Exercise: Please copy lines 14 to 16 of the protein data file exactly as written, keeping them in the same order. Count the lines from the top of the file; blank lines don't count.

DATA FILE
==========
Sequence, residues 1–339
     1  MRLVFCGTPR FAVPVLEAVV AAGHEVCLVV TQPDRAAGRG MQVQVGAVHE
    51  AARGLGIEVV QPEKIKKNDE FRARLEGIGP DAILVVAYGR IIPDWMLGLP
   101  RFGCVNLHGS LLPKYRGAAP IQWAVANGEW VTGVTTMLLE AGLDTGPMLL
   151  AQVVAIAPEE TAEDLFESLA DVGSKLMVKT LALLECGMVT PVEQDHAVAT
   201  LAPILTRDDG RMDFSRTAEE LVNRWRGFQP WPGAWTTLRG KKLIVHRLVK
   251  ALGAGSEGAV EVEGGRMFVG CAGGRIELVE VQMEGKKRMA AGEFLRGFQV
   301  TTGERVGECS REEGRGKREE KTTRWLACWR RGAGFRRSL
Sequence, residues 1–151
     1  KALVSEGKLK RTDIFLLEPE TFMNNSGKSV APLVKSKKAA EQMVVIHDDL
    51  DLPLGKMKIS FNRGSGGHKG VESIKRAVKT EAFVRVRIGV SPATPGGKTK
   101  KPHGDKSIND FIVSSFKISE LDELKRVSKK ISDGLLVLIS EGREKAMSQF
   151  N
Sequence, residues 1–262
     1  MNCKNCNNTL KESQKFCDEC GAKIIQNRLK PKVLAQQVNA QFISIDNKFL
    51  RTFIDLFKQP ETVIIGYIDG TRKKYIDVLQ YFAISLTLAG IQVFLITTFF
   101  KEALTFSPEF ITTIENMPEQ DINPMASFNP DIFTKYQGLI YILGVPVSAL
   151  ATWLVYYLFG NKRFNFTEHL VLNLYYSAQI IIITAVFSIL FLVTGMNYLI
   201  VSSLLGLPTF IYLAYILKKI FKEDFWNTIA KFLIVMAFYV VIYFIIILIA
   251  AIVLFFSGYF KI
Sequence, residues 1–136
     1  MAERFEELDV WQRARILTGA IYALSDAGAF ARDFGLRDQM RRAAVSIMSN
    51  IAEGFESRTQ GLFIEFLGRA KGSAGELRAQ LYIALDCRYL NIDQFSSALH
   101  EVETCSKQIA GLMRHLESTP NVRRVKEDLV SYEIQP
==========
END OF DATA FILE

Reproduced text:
Sequence, residues 1–262
     1  MNCKNCNNTL KESQKFCDEC GAKIIQNRLK PKVLAQQVNA QFISIDNKFL
    51  RTFIDLFKQP ETVIIGYIDG TRKKYIDVLQ YFAISLTLAG IQVFLITTFF